A Super Sunday Reminder
Mar 14 2017

A Super Sunday Reminder

By: Julia Engel

As a non-native living in New Orleans, Super Sunday has become one of my favorite days of the year—the costumes, dancing, music and congregation of the community are a magical experience that everyone should witness. Yet as this beloved day is already arriving this Sunday, March 19, I quickly realized I really didn’t know enough about the event to truly label it as one of my favorite days of the year. So for both your benefit and mine, I’ve done a bit more research on Mardi Gras Super Sunday to provide some proper perspective on this weekend’s marvels.
 
A Super Sunday Reminder
 
Unbeknownst to much of the New Orleans public and its visitors, this long-practiced Mardi Gras Indian tradition is drenched in as much history as Black New Orleans culture itself. Although many of the practices of the event have evolved since its inception in the 1960s, Super Sunday has remained a ritualized occurrence acting as a sociopolitical statement in the urban New Orleans landscape. As historian Ronald W. Lewis has noted, Super Sunday was formed as a reaction to the racial polarization of New Orleans neighborhoods. In a word, the event is a statement saying, “You’re not giving us a place here in society, so we’ll create our own.”

"These Black New Orleans neighborhoods have formed their own counter-culture out of the Mardi Gras Indian traditions—and Super Sunday is the epitome of them."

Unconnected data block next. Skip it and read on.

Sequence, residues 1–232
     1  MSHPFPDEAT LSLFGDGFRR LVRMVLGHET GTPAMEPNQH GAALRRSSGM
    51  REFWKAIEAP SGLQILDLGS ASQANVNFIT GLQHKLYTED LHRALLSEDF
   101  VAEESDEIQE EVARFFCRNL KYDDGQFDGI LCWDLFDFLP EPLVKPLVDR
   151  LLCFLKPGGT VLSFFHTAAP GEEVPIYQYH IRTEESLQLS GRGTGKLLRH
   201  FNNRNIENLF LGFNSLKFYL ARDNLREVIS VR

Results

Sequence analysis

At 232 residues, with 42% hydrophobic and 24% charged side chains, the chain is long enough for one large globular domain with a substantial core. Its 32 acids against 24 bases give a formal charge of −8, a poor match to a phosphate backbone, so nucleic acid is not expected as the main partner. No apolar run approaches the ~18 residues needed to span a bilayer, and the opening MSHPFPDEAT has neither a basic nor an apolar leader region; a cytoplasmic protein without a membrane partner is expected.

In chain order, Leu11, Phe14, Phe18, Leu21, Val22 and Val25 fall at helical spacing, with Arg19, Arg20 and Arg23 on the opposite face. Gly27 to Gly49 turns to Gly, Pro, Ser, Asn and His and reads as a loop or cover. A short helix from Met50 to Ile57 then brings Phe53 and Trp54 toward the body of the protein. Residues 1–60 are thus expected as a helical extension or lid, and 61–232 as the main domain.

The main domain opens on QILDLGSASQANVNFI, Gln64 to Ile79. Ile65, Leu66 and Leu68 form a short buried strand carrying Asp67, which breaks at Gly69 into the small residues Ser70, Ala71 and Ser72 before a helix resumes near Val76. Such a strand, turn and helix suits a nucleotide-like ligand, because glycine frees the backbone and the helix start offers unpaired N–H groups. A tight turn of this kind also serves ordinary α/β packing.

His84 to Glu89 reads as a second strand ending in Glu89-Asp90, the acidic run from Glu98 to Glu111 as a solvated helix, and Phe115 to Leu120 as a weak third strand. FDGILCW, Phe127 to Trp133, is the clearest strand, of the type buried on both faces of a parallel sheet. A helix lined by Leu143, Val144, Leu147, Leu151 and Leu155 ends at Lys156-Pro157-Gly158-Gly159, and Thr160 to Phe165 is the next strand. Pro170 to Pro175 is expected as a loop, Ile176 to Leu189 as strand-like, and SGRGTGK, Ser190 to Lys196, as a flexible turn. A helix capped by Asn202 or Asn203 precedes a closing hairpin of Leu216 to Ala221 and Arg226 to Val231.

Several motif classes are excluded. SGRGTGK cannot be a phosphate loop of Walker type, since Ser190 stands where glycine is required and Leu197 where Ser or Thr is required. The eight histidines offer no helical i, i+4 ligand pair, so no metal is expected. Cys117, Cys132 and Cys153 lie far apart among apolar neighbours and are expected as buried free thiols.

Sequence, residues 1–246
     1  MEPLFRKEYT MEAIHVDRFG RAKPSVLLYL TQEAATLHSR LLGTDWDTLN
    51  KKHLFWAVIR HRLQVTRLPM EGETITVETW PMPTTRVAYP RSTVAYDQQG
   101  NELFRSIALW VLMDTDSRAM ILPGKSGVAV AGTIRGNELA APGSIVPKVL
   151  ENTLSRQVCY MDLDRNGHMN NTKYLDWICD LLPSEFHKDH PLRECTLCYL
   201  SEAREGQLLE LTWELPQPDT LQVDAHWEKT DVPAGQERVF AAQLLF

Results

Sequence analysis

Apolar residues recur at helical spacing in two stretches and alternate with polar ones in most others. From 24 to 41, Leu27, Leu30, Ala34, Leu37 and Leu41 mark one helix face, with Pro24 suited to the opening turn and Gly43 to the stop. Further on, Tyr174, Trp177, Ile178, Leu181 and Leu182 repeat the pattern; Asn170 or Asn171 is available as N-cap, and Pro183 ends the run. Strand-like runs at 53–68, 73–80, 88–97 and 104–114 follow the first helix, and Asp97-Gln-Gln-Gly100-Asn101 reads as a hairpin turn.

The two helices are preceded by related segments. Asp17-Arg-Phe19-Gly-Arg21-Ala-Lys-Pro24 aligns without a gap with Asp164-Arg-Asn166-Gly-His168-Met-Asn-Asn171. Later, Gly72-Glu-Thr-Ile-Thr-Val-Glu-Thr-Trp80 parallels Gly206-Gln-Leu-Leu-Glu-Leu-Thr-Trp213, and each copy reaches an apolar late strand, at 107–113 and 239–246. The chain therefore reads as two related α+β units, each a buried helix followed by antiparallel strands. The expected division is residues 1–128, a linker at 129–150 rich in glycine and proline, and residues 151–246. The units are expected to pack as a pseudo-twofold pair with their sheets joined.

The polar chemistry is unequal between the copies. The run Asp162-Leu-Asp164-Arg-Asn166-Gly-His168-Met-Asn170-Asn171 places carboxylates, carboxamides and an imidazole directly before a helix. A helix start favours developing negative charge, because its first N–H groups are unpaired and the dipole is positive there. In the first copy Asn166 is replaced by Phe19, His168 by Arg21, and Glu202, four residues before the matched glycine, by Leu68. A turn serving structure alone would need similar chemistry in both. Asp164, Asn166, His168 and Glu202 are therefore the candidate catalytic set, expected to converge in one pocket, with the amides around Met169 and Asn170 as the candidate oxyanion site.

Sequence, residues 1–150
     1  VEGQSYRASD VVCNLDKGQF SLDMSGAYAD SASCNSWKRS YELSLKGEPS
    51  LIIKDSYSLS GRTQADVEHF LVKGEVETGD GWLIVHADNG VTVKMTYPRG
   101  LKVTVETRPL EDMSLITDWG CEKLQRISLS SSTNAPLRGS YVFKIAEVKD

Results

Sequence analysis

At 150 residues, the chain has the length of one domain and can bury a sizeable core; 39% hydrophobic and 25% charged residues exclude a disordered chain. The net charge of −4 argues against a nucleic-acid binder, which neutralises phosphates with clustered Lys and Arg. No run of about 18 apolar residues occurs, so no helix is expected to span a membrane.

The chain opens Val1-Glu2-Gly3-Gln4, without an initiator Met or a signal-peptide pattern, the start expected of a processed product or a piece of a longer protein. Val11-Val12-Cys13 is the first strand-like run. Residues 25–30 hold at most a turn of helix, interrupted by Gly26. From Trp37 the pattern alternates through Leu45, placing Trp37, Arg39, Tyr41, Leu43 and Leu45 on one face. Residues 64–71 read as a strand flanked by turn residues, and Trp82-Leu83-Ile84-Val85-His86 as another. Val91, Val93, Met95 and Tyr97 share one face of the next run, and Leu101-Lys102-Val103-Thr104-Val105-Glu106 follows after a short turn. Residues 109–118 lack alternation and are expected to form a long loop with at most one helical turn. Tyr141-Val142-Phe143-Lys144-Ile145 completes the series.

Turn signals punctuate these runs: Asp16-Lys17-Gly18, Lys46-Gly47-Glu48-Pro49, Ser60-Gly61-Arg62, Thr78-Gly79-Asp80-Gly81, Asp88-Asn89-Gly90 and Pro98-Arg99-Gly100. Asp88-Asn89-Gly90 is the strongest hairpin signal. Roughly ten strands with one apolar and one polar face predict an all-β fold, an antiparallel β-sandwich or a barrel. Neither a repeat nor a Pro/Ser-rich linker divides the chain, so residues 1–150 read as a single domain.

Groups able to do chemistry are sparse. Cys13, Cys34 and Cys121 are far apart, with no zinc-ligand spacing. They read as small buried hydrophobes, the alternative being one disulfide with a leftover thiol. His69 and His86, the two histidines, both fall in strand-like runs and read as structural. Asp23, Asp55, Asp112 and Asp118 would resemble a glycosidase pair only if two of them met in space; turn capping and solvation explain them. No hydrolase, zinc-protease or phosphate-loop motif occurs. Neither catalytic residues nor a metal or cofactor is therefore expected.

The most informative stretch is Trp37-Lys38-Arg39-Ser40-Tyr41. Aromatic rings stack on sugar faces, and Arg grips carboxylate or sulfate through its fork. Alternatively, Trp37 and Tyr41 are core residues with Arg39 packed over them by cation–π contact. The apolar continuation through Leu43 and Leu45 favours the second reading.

Within the realm of activities performed by the tribes on Super Sunday, “masking” is an essential aspect of the annual event that involves the Mardi Gras Indian tribes’ friends and family, and is a competitive component of the day. Using their own esoteric language and chants to communicate, tribe chiefs confront opposing chiefs and perform metaphorical ‘blows’ upon their opponents, as a means of defending their tribes and by extension representing their respective neighborhoods. Masking has been explained as a nuanced connection between the suffering of the Native Americans in the process of American nation-building and the suffering of African Americans in the newly formed American landscape. As a means of paying homage to the hospitable Native American tribes who took in many runaway slaves in the Louisiana bayous, and as a way of expressing this deeply-seeded awareness of oppression and discrimination, these Black New Orleans neighborhoods have formed their own counter-culture out of the Mardi Gras Indian traditions. Super Sunday is the epitome of them.Within the realm of activities performed by the tribes on Super Sunday, “Masking” is an essential aspect of the annual event that involves the Mardi Gras Indian tribes’ friends and family, and is a competitive component of the day. Using their own esoteric language and chants to communicate, tribe chiefs confront opposing chiefs and perform metaphorical ‘blows’ upon their opponents, as a means of defending their tribes and by extension representing their respective neighborhoods. Masking has been explained as a nuanced connection being made between the suffering of the Native Americans in the process of American nation-building and the suffering of African Americans in the newly formed American landscape. As a means of paying homage to the hospitable Native American tribes who took in many runaway slaves in the Louisiana bayous, and as a way of expressing this deeply-seeded awareness of oppression and discrimination, these Black New Orleans neighborhoods have formed their own counter-culture out of the Mardi Gras Indian traditions—and Super Sunday is the epitome of them.